doi:10.1016/j.dadm.2015.12.003
PMCID: PMC4802360  PMID: 27019866
Alzheimer’s disease; Blood; Serum; Plasma; Biomarker Discovery; Multi-plex Assay Platform; Meso Scale Discovery; Rules Based Medicine; Proteins; Pre-analytic Processing; Standardization; Diagnostics
3.  A digital enzyme-linked immunosorbent assay for ultrasensitive measurement of amyloid-β 1–42 peptide in human plasma with utility for studies of Alzheimer’s disease therapeutics 
Background
Amyloid-β 1–42 peptide (Aβ1–42) is associated with plaque formation in the brain of patients with Alzheimer’s disease (AD). Pharmacodynamic studies of AD therapeutics that lower the concentrations of Aβ1–42 in peripheral blood require highly sensitive assays for its measurement. A digital enzyme-linked immunosorbent assay (ELISA) using single molecule array (Simoa) technology has been developed that provides improved sensitivity compared with conventional ELISA methods using the same antibody reagents.
Methods
A sensitive digital ELISA for measurement of Aβ1–42 using antibodies 3D6 and 21F12 was developed. Assay performance was evaluated by repeated testing of pooled human plasma and buffer diluent quality control samples to determine relative accuracy, intra- and inter-assay precision, limit of detection (LOD), lower limit of quantification (LLOQ), dilutional linearity, and spike recovery. The optimized assay was used to quantify Aβ1–42 in clinical samples from patients treated with the β-site amyloid precursor protein cleaving enzyme 1 inhibitor LY2886721.
Results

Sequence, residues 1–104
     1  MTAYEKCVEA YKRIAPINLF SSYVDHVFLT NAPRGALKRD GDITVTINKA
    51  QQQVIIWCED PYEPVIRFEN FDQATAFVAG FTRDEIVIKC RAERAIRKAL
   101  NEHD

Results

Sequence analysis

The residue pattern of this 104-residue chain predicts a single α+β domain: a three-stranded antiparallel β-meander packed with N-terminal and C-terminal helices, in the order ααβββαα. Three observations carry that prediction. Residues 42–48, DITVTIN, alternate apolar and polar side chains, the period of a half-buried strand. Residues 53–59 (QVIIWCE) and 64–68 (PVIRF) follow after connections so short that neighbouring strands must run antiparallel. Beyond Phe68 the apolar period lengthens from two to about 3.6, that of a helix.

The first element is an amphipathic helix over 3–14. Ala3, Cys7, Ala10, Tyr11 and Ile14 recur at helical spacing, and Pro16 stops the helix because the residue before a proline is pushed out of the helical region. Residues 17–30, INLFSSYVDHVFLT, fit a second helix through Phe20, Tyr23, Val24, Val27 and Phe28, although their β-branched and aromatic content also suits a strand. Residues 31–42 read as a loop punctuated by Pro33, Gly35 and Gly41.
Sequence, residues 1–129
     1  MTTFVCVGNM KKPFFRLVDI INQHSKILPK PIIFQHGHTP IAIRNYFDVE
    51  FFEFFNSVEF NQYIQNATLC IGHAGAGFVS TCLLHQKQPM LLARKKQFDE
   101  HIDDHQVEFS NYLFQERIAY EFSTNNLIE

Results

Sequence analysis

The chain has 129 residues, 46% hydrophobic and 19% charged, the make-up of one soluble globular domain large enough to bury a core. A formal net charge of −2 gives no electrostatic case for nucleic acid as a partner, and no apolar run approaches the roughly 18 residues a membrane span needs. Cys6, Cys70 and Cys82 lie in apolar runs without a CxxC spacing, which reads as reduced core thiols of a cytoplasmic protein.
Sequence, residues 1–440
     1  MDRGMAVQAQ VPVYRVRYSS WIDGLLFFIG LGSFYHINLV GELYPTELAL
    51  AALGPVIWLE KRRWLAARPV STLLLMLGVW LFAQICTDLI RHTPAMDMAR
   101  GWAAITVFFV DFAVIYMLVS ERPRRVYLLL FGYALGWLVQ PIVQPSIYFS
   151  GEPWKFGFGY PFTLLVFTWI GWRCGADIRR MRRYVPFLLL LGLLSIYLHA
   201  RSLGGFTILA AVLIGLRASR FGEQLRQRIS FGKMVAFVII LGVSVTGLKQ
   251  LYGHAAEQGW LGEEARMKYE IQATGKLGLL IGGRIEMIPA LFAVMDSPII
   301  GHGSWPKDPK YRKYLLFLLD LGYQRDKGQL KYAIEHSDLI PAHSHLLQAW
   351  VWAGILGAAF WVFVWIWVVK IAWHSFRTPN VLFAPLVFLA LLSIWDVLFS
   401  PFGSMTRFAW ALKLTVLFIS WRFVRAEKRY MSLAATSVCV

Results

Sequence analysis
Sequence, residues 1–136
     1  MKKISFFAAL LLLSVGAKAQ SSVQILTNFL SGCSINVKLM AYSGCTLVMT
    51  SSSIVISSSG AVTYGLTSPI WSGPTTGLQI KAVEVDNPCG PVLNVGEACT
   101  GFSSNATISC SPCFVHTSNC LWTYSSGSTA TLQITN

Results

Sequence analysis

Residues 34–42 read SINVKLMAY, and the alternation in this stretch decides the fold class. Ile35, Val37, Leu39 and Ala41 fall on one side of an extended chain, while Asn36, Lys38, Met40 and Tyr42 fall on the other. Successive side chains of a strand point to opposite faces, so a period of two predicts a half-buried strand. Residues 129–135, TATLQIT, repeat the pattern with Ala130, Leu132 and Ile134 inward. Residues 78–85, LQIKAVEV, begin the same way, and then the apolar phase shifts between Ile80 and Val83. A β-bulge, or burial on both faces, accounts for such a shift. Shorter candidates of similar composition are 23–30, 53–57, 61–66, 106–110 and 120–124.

The prototype assay measured Aβ1–42 with an LOD of 0.3 pg/ml and an LLOQ of 2.8 pg/ml in plasma, calibrated using an Aβ1–42 peptide standard from Fujirebio. Assay precision was acceptable with intra- and inter-assay coefficients of variation both being ≤10%. Dilutional linearity was demonstrated in sample diluent and immunodepleted human plasma. Analyte spike recovery ranged from 51% to 93% with a mean of 80%. This assay was able to quantify Aβ1–42 in all of the 84 clinical samples tested. A rapid reduction in levels of Aβ1–42 was detected within 1 h after drug treatment, and a dose-dependent decrease of Aβ1–42 levels was also observed over the time course of sample collection.
Conclusions
This digital ELISA has potential utility in clinical applications for quantification of Aβ1–42 in plasma where high sensitivity and precision are required.
doi:10.1186/s13195-016-0225-7
PMCID: PMC5160015  PMID: 27978855
Digital ELISA; Ultrasensitive; Aβ1–42; Plasma; Alzheimer’s disease; Therapeutic
4.  Plasma tau in Alzheimer disease 
Neurology  2016;87(17):1827-1835.
Objective: